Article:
Finding Jewels Along the Way
On our recent travels to the Southwest, we spent two days driving west from Wisconsin to our first destination, and then two days driving east from our last destination back to the Midwest. We had much ground to cover–over 2200 miles–on those four days, and we were traveling on Interstates, something that neither of us particularly enjoy.
We didn’t want to squander four days of our two week vacation doing nothing but driving, so I researched our route before we left our home. Perhaps Iowa, Nebraska, and Kansas don’t have a lot of well-known places to visit, but there is always something interesting to see if you are willing to look. And I found quite a few treasures that gave us an hour’s diversion from the monotony of the road.
Our first treasure literally was a jewel. We stopped at Grinnell, Iowa, which was just a few miles off I-80, to see the Merchant’s Bank, one in a series of architect Louis Sullivan’s Jewel Box Banks. Though Sullivan is most famously known as the “Father of skyscrapers”, he also left a legacy of these small banks, eight in all, dotting the Midwest.
Drat that car, but I wanted a photo of the front exterior showcasing the rose window medallion, and the car came with the exterior shot.
The window is designed with overlapping circles and squares that are in encased in terracotta ornamentation.
Griffins originally flanked both sides of the bank’s entrance, built vandals destroyed the East Griffin in 2006. The terracotta and stained glass were a significant part of Sullivan’s designs.
When the bank opened on January 1, 1915, the townspeople of Grinnell were nearly unanimous in their approval. One citizen observed, “It sure looks nothing like Grinnell.”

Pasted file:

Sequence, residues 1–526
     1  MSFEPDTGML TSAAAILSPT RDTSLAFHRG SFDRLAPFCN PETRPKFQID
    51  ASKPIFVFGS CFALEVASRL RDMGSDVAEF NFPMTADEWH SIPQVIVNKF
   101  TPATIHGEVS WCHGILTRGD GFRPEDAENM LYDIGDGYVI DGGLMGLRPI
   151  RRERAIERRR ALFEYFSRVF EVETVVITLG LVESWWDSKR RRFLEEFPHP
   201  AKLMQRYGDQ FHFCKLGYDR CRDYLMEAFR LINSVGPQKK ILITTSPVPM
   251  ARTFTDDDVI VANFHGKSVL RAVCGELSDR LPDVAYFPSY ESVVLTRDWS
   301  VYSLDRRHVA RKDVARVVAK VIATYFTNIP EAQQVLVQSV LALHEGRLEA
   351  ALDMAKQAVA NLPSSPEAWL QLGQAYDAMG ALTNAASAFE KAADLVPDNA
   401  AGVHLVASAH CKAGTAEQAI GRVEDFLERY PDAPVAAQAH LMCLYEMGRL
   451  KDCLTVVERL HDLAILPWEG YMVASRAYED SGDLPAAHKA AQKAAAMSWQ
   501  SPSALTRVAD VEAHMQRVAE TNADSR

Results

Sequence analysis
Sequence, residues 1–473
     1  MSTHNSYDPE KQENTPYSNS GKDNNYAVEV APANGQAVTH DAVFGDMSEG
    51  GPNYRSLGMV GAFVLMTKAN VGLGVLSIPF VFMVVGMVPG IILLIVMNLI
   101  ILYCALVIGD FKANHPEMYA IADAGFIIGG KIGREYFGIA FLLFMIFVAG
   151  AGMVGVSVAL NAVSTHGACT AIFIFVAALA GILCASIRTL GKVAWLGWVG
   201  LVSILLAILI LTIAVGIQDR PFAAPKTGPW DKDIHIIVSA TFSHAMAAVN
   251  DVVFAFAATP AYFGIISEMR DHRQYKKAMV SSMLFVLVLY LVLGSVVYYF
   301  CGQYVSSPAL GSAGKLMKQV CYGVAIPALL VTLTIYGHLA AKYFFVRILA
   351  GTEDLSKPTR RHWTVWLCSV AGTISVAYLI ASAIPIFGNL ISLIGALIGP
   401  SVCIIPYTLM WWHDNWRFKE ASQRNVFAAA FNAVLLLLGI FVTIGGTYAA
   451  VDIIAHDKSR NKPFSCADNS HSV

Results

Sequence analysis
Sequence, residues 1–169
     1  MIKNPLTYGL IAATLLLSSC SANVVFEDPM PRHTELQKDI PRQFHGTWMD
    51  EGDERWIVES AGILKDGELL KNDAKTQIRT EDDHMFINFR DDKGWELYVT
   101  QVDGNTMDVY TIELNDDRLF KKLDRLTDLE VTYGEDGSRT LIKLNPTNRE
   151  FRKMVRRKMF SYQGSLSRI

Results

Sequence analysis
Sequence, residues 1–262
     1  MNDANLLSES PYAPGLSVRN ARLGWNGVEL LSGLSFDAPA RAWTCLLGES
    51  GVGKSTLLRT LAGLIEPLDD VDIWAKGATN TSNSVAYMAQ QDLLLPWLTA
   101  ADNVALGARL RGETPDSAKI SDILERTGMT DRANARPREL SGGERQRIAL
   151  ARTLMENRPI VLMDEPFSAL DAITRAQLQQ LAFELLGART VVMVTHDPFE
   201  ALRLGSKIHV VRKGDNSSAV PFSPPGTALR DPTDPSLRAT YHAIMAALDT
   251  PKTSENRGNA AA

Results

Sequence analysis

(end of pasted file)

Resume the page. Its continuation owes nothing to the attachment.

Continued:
Although that’s not entirely true. Grinnell, a small farming community, has an astounding number of buildings designed by well-known architects.
I think the building is best summed up by a newspaper journalist who wrote for the Grinnell Herald and was allowed a sneak preview prior to the grand opening for his article. He wrote:
“Go back to the north end and turn around to the south. Raise the eyes above the partitions and brickwork and catch the massive simplicity of the long beams along the ceiling: study the windowed colored by Millet and its mosaic replica below which surrounds the clock with face of gold. Raise the eyes still higher to the skylight… If you are in just the right mood in time you can hear the dash of the waters over Niagara Falls, listen to the winds that sweep across the prairies of the West, see the blue that hovers over the land of the azure sky and understand something of what Sullivan meant when he talked about the genius of America.”